Late Saturday night, the Coachella YouTube Live-streams broadcast, across all 3 channels, Guava Island – A Childish Gambino Film. It is definitely one of the most unique, unusual films this year and I loved it. In this post, I will be explaining what the project is and reviewing it. I will also be avoiding spoilers. I will, however, include a few small things such as the sound track that, if you’re a big Gambino fan or are particularly excited about the film (and still haven’t seen it), you may want to avoid.
Performances and Casting
Considering how small the scale of this project is, it really brings in an impressive cast. Donald Glover a.k.a. Childish Gambino (Atlanta, Solo: A Star Wars Story) heads up the project along side his brother Stephen Glover (Atlanta, SNL) and Hiro Murai (Atlanta, Legion). Murai also notably worked with Glover in several Gambino music videos including Sweatpants and This is America. The film also brings in stars such as Rihanna (Battleship, Ocean’s 8) and Letitia Wright (Black Panther, Black Mirror – Black Museum). All of the performances delivered in the film are perfect but I feel like they were not particularly complex, difficult parts to play in comparison to the actors’ other works (other than maybe Glovers’s character of Deni).
Screenplay and Direction
As is always the case with any project that Glover works on with is brother and Hiro Murai, the screenplay and direction focus more on concepts than dialogue but the dialogue is far from flawed. It is quick and witty but remains natural without feeling weird or forced. The music is smoothly worked into the project but, though it is flawlessly executed and shows some great variations on Gambino’s work, I feel like it makes the project feel a little confused as to what it is. This is not an issue in itself because the project remains cohesive and it even enhances how creative and unique the project really is. If you are, however, not particularly open to films that are more interested in artistic creativity than pure entertainment, this may not be for you.
Technicals and Music
This film doesn’t quite stand as a musical but does have elements of that worked in. The plot follows Deni (Glover) as he puts together a music festival for the island that he lives on. Therefore, most of the music is diegetic and therefore written by Gambino as his character. I loved the soundtrack but, to be fair, I am a big Gambino fan in the first place. Also, before you watch, it would probably be worth familiarising yourself with some of Gambino’s most recent work.
As so much of this project is brilliantly creative and perfectly executed, I feel like the editing is a little underrated. Especially for the music-oriented parts, the editing seals together the sequences where, had it been at all faulty, it could have ruined them. This is, of course, helped by the brilliantly choreographed musical sequences (and the cinematography that goes with that). The whole film, much like Atlanta, (probably thanks to the efforts of Hiro Murai) feels like a Childish Gambino music video crossed with a Cuban version of his Coachella performance.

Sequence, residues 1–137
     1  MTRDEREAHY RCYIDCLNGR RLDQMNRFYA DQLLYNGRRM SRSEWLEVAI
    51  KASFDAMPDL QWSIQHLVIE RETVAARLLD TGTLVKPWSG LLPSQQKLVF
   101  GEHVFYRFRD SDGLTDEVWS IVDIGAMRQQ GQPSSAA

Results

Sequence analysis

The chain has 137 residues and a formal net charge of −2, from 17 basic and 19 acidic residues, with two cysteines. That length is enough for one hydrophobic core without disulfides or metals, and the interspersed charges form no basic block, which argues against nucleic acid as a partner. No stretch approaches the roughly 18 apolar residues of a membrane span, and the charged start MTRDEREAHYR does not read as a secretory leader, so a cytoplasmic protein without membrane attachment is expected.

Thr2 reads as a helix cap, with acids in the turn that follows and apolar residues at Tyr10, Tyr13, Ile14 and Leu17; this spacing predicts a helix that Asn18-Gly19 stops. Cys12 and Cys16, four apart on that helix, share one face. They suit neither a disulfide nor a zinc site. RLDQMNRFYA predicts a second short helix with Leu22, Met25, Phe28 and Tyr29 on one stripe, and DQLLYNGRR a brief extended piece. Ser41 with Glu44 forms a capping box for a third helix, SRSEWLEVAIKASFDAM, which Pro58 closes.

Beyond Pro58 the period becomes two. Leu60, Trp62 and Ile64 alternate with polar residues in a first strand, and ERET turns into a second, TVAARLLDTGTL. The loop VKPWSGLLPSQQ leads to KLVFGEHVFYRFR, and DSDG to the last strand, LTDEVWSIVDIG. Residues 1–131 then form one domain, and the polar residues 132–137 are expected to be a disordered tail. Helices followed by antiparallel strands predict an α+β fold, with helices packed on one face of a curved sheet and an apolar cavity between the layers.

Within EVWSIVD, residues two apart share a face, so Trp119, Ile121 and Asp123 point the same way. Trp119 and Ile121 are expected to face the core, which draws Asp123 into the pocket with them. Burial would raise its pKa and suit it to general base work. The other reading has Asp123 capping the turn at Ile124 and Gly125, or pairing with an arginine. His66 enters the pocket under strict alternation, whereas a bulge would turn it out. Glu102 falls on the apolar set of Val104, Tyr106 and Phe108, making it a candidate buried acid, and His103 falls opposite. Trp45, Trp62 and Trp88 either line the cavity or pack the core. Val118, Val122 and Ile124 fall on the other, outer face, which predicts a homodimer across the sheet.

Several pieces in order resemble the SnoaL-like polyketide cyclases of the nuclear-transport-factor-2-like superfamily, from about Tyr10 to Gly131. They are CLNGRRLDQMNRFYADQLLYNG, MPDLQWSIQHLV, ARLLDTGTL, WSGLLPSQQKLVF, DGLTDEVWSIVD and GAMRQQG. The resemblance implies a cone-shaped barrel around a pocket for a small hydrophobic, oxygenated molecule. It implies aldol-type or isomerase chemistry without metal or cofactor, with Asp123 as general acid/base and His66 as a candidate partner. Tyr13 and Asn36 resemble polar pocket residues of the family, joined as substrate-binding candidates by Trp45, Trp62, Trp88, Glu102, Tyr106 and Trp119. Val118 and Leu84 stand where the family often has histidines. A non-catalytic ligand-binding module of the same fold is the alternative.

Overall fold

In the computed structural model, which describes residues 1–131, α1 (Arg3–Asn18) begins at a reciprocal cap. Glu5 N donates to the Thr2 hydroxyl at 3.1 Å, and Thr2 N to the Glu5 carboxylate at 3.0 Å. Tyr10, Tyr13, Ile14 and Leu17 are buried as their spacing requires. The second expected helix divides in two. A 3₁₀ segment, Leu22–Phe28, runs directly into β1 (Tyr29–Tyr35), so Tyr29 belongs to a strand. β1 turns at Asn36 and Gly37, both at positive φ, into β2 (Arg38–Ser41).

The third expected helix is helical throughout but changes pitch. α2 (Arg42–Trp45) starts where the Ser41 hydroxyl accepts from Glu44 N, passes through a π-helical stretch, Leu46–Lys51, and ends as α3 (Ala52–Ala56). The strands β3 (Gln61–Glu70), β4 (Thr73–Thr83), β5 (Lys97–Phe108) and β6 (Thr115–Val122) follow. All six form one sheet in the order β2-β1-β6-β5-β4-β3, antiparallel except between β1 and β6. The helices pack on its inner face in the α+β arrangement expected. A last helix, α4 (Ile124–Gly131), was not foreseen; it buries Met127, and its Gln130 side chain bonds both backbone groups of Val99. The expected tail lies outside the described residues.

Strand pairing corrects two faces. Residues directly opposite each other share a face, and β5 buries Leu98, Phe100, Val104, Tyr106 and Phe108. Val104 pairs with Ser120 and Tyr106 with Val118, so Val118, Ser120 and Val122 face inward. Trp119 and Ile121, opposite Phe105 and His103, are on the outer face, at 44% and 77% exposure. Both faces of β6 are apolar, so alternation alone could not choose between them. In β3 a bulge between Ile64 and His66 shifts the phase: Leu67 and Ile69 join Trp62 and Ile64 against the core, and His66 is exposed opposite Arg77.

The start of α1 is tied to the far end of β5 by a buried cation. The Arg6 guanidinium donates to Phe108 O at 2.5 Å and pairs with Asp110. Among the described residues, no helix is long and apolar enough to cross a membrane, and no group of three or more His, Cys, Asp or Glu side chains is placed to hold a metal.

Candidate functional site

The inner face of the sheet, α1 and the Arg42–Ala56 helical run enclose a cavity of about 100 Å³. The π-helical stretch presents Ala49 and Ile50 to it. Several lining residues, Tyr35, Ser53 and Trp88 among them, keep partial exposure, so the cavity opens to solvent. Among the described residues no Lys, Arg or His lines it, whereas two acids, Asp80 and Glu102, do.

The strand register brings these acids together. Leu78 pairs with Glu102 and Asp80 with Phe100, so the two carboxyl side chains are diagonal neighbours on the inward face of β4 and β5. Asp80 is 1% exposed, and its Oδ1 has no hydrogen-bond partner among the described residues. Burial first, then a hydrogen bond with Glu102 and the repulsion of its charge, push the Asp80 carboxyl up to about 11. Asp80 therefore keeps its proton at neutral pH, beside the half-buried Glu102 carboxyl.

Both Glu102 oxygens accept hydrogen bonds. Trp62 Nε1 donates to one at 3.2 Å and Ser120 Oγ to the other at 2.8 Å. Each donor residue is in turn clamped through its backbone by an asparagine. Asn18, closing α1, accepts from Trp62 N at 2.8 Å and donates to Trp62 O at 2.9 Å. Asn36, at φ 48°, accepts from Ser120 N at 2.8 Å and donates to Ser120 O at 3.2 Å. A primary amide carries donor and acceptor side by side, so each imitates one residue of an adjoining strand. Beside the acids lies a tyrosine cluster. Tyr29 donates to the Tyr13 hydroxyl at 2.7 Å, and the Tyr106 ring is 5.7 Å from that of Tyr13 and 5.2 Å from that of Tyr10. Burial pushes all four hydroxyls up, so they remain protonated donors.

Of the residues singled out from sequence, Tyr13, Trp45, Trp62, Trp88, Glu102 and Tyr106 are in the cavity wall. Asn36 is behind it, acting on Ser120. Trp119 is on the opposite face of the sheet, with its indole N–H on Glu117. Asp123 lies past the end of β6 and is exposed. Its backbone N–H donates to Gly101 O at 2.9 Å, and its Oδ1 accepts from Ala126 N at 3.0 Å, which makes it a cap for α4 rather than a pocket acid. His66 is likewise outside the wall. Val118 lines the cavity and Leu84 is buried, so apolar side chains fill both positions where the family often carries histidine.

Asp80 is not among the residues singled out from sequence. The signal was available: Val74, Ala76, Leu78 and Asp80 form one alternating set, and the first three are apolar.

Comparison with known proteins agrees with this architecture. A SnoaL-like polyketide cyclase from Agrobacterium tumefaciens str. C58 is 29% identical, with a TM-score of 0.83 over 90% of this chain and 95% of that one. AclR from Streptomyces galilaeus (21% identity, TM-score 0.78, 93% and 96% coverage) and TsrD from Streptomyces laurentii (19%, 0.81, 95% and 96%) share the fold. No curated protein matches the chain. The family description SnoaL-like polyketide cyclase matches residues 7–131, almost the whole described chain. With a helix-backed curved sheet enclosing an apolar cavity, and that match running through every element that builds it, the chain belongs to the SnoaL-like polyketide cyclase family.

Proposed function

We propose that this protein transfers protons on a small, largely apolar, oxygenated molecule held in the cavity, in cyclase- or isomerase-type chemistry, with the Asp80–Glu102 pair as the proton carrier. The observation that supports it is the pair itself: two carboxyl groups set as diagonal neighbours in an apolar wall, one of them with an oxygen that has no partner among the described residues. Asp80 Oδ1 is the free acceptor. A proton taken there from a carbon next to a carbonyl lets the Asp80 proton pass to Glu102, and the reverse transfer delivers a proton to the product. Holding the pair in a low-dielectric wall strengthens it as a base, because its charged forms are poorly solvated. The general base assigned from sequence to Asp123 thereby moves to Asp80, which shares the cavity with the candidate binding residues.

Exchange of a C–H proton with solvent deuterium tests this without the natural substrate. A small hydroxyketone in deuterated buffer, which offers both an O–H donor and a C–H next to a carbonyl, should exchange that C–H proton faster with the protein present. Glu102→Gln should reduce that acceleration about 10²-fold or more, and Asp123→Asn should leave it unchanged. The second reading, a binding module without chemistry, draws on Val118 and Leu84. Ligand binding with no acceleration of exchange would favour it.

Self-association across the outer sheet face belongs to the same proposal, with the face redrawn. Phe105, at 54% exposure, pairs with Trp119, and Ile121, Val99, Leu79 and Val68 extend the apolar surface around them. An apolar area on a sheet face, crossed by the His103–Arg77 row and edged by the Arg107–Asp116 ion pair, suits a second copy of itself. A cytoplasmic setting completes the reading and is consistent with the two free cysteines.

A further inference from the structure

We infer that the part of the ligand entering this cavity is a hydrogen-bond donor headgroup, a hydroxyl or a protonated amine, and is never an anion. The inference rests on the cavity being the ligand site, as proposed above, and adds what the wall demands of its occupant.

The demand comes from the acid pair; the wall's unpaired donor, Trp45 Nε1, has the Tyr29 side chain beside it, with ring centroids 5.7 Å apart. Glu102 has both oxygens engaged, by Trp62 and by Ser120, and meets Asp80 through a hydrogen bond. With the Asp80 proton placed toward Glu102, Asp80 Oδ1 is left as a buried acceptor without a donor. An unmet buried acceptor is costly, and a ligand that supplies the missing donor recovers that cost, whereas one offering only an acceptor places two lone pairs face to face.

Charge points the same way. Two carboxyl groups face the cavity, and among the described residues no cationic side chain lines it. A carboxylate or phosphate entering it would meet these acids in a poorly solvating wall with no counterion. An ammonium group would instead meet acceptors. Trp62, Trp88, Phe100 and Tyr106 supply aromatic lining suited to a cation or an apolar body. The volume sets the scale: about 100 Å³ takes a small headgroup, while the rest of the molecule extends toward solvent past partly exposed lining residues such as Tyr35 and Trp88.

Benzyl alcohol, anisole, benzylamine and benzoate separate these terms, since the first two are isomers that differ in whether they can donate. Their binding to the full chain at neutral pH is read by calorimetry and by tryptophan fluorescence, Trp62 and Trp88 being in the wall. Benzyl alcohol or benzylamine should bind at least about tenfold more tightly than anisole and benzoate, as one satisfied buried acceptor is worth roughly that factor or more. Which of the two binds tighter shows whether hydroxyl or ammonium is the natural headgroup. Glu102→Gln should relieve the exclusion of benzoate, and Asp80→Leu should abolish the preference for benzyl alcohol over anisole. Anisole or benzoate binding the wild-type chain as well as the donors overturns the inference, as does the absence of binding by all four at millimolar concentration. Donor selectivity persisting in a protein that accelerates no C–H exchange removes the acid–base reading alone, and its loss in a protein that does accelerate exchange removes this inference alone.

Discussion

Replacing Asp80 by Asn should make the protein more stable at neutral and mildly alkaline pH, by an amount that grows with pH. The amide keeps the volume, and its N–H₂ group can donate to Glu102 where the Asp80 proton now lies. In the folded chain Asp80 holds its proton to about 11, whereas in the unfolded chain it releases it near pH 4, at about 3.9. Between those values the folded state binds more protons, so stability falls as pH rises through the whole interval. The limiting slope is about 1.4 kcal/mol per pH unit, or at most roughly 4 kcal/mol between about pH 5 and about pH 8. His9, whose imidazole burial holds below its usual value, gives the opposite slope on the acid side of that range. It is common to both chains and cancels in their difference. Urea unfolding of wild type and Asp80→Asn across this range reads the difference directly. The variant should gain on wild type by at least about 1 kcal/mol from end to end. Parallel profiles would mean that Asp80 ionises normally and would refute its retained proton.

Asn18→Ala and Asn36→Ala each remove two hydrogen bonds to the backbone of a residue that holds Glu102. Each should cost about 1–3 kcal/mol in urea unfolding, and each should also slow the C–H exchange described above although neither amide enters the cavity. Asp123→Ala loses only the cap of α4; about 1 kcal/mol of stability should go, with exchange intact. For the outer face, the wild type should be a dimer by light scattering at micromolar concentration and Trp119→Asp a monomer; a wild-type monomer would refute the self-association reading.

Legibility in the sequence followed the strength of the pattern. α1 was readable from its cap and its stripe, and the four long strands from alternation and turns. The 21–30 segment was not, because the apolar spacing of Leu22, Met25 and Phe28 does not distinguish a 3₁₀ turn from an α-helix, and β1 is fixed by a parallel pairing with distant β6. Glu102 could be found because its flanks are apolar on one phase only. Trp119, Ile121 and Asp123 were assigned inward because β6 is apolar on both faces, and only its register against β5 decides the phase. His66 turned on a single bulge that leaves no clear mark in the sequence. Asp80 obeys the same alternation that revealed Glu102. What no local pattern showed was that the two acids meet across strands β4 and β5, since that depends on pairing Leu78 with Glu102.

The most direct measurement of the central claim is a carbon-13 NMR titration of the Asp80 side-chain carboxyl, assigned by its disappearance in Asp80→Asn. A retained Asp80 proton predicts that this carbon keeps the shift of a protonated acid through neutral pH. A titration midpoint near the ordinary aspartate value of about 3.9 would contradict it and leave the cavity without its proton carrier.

If you want to go into the project completely blind, it might be worth skipping to the next paragraph (though I’m not revealing any plot points). The film opens with a small animation that sets up the history of the world in which the story takes place. This animation is very reminiscent of anything done by Cartoon Salon but has a distinctly Caribbean feel to it. It not only sets up the world and character backstory, but also sets an aesthetic theme for the film.
Finally, the costumes and set design for the project perfectly capture the feel of the Caribbean and set a vibe that allows Gambino to show some variation on his recent work (falling into more of a STN MTN / Kauai type vibe).
This project is very different from anything I’ve seen on the big screen. It holds some unique space outside of any specific genre and immerses you in a world perfectly, despite the surreal, musical feel the film sometimes takes on. I would 100% recommend it to any fan of Glover or Gambino, or anyone that is simply interested in film from more of an artistic standpoint. If your largely interested in the project because of Rihanna or because it aired at Coachella, this film may not be for you (though if you’re interested in the music, it’s a must watch).
I hope you liked this review and be sure to check out more of our content at ScreenHub Entertainment such as my spoiler-free review of Rafiki and our piece on Marvel’s over-saturation problem.
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